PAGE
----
Wynton Marsalis’ Contributions to Jazz

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Aug 9, 2011 Comments Off Renatta DeBlase

Wynton Marsalis’ Contributions to Jazz and Why He Is So Important to the Music World


Wynton Marsalis was only nine years old and was attending school in Louisiana with his siblings when I started my national music project: to get jazz performed in concert halls throughout America and to try to convince directors of large cultural complexes such as Lincoln Center to establish a jazz repertory orchestra so that the orchestra’s fine playing could be heard all over the world. And it was Wynton Marsalis who successfully brought back pure jazz and established the Lincoln Center Jazz Orchestra and Repertory Company more than 20 years ago! A Columbia Artists executive told me that such an orchestra was a definite must and that I should encourage Billy Taylor and his jazz colleagues to help form a jazz repertory orchestra–and this was 1972.

I have never met Wynton Marsalis personally but have read some of his books on music, including “Jazz in the Bittersweet Blues of Life” and “Moving to Higher Ground,” a discussion of jazz and democracy. I also gave two copies of “Jazz ABZ” to the Duke Ellington School of the Arts’ library. Wynton is dedicated to keeping jazz alive whether through his teaching, lectures, outreach programs to secondary schools nationwide, concerts, and books, as well as his position as artistic director for Jazz at Lincoln Center. Under Wynton’s direction, the Lincoln Center Jazz Orchestra has become one of the finest orchestras in the world that emphasizes Duke Ellington’s compositions. Wynton could be earning millions more by performing rock and pop music, but has chosen instead to play America’s only original art form, jazz, which has its roots in the African American culture, a culture that is not a minority but central to American culture itself, and these are Wynton’s words. He is continuing Billy Taylor and Duke Ellington’s legacy, that is, he is playing, writing about, and composing jazz.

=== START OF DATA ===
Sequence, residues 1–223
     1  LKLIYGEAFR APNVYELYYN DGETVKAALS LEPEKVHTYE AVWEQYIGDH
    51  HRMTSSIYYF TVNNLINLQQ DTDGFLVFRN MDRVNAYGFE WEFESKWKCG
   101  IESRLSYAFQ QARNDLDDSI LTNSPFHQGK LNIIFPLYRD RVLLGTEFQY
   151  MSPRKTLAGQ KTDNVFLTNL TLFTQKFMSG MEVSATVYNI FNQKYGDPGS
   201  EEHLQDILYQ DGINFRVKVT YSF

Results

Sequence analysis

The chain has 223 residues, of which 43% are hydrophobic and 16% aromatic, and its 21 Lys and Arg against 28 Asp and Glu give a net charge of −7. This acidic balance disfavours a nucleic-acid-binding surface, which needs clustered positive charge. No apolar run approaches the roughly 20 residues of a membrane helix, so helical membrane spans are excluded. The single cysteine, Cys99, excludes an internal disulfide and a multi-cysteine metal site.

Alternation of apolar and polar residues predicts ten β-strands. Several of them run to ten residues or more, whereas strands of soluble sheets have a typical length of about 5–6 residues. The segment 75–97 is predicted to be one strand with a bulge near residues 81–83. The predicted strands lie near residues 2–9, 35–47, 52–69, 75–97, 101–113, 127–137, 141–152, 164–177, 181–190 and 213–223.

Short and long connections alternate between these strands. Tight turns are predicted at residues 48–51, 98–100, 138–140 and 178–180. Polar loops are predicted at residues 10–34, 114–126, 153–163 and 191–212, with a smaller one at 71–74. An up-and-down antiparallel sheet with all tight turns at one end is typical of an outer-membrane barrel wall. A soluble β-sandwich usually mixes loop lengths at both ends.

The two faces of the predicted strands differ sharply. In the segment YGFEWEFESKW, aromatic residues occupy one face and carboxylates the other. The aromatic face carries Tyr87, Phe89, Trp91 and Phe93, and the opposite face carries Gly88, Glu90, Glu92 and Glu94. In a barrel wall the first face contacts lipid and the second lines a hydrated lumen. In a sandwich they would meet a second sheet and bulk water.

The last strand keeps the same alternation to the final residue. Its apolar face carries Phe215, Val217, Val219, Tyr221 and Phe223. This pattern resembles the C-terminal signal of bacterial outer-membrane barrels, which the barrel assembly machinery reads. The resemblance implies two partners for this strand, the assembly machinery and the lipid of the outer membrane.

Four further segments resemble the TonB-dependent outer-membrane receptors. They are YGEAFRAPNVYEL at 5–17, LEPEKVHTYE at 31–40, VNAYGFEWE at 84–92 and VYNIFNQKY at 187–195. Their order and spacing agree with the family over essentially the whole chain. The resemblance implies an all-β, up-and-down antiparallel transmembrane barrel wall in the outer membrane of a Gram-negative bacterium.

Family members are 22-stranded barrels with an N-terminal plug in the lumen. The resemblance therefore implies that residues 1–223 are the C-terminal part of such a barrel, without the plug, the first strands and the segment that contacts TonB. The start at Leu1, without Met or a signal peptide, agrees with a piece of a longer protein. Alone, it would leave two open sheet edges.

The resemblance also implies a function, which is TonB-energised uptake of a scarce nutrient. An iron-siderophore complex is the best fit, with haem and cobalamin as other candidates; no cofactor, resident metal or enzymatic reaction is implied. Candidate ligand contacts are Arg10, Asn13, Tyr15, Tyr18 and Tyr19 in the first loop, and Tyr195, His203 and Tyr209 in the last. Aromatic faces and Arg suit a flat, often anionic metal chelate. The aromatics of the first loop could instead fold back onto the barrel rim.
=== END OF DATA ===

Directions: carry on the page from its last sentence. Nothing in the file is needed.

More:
And even Wynton Marsalis’ young people’s concerts at Lincoln Center are reminiscent of Leonard Bernstein’s ease in communicating music theory and harmony to very young children at the philharmonic 50 years ago!

The Jazz at Lincoln Center Orchestra has many CDs available, including They Came to Swing.